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Do You Want to Pay For Your Doctor’s Free Lunch?

Should consumers foot the bill for free lunches and other perks that drug companies give prescribers? AARP says, no.

Under attack since its inception in 2008, the state’s Rx Gift Ban law, which restricts drug company marketing practices, is once again at risk. House Bill 1507, An Act to Improving Health Care Quality and Cost in the Medical Device Industry, is currently making its way through the state legislature.

See Also: Rx Resources for MA Residents 

AARP Massachusetts has urged legislative leaders to protect the Rx Gift Ban law and not pass this bill, saying “Massachusetts consumers cannot afford for the Commonwealth to take a step backwards in addressing the high cost of health care.” Five other related bills are also in the works.

Last year, as part of the Fiscal Year 2012 state budget debate, AARP successfully fought efforts to repeal the Rx Gift Ban law. AARP also opposed Senate Bill 1849, An Act Relative to Restaurant Rejuvenation, which would have seriously weakened the law.
AARP strongly supports the Rx Gift Ban law as one way to help drive down spiraling prescription drug costs – and is fighting to protect consumers. Today, an undisclosed portion of the pharmaceutical industry’s budget goes towards drug marketing to physicians, which can influence brand selection and prescription rates.

A recent survey in the New England Journal of Medicine found that 94 percent of physicians have received gifts or payments from the industry. AARP believes: We must protect the Rx Gift Ban law because voluntary industry codes have proved insufficient in curbing these trends – the costs of which are passed on to consumers.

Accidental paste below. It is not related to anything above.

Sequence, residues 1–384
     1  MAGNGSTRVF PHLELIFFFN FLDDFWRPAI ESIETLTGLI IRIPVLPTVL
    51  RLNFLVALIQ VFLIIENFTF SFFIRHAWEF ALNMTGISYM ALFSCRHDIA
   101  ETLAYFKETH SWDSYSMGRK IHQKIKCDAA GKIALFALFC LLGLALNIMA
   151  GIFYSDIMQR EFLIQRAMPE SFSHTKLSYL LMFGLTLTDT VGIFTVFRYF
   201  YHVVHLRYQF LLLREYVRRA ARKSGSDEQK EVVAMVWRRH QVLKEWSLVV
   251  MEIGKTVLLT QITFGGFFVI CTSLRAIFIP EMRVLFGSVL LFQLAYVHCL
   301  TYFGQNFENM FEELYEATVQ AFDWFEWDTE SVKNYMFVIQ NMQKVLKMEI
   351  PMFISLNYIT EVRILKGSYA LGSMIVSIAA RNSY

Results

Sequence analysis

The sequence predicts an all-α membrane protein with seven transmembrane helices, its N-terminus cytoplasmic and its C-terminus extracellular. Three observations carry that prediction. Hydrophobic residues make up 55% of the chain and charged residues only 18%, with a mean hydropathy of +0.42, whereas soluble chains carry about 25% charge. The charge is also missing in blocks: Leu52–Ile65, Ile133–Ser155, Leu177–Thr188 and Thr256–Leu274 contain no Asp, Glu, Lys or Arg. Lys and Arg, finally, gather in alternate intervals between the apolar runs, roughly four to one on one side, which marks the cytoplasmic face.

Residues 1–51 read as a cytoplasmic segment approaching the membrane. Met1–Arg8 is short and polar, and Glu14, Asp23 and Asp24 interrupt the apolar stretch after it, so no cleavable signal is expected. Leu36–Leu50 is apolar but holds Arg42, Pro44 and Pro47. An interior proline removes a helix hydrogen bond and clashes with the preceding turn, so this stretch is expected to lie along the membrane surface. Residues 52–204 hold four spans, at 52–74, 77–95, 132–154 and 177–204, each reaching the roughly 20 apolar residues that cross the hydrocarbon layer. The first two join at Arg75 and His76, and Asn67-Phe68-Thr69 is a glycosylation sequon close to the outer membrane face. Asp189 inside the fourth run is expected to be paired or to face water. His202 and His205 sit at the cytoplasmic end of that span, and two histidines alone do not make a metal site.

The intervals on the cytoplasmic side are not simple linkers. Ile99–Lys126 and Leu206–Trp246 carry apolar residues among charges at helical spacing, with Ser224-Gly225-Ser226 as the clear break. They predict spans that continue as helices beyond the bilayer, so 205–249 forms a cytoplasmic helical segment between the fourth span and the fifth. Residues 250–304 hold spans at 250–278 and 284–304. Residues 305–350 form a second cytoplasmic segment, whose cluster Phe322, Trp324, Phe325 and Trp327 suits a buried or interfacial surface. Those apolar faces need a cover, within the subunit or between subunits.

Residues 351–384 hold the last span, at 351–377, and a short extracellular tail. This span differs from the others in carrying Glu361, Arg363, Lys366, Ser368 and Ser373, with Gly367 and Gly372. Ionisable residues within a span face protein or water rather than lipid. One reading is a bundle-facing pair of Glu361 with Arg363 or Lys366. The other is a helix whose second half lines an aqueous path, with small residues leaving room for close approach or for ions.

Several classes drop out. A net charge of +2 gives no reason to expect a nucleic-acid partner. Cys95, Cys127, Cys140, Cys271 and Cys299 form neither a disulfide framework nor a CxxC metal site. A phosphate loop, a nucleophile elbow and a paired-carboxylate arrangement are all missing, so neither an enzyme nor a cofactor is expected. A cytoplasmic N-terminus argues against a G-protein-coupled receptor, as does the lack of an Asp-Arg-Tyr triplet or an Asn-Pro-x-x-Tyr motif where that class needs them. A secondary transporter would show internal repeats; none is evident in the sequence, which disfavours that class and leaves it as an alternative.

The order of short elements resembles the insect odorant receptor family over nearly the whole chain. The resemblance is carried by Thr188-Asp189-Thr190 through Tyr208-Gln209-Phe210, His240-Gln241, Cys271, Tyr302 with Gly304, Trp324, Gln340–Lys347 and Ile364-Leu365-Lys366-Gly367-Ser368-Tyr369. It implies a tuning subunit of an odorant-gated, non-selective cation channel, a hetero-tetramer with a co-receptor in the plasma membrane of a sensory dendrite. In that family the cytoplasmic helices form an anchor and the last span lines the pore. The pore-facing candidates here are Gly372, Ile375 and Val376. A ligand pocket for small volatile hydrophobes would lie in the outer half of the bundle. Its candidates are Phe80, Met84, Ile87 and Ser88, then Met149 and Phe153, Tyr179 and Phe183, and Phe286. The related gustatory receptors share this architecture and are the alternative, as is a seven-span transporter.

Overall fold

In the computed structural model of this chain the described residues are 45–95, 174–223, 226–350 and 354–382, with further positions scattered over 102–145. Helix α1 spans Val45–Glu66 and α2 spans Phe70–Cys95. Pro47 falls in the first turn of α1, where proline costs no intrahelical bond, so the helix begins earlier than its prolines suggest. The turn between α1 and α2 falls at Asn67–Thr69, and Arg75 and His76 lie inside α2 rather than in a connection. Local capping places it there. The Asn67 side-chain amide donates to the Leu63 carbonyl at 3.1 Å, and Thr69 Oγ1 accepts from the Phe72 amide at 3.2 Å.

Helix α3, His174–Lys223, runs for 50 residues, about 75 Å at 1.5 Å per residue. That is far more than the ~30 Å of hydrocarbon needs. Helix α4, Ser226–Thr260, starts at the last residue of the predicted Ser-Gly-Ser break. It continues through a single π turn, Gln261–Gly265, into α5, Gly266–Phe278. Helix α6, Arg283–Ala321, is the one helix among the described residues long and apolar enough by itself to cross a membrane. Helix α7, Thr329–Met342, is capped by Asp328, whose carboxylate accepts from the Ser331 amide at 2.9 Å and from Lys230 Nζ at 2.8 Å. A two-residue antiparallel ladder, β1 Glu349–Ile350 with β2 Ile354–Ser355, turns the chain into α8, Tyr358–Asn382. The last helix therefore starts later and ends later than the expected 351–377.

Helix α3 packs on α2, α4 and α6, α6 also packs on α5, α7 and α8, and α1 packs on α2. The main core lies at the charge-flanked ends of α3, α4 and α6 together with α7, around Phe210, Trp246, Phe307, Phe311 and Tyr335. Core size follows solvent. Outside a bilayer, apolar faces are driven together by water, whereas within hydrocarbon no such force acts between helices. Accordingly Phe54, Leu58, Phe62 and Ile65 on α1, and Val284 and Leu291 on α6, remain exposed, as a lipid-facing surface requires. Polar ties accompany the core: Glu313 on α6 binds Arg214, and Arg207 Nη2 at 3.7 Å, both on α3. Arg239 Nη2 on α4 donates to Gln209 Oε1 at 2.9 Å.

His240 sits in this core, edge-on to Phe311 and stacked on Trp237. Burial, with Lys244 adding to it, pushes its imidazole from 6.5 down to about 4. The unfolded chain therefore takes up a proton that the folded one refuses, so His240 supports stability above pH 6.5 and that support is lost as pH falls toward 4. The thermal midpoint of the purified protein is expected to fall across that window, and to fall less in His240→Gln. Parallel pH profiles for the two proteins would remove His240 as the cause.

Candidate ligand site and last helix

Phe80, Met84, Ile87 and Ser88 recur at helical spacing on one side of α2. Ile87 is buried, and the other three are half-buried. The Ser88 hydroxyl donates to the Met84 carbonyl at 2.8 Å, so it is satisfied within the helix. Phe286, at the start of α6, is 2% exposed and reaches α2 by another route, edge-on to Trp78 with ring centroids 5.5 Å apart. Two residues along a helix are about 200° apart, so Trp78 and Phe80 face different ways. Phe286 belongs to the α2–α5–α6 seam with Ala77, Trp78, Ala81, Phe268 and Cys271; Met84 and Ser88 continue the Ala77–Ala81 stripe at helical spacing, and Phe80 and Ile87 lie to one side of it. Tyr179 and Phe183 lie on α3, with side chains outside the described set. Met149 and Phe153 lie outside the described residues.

What does the law say?

The Rx Gift Ban law covers health care practitioners, pharmaceutical or other medical device manufacturer agents, companies and marketers. It prohibits them from conducting certain marketing practices, including payments for prescribers’ meals that are: 

  • Part of an entertainment or recreational event
  • Offered without an informational presentation
  • Are outside the office or hospital setting
  • Provided to spouses or guests

Drug and medical device companies must disclose information about meals, gifts or perks given to a prescriber, in excess of $50, to the Department of Public Health by July 1 each year.

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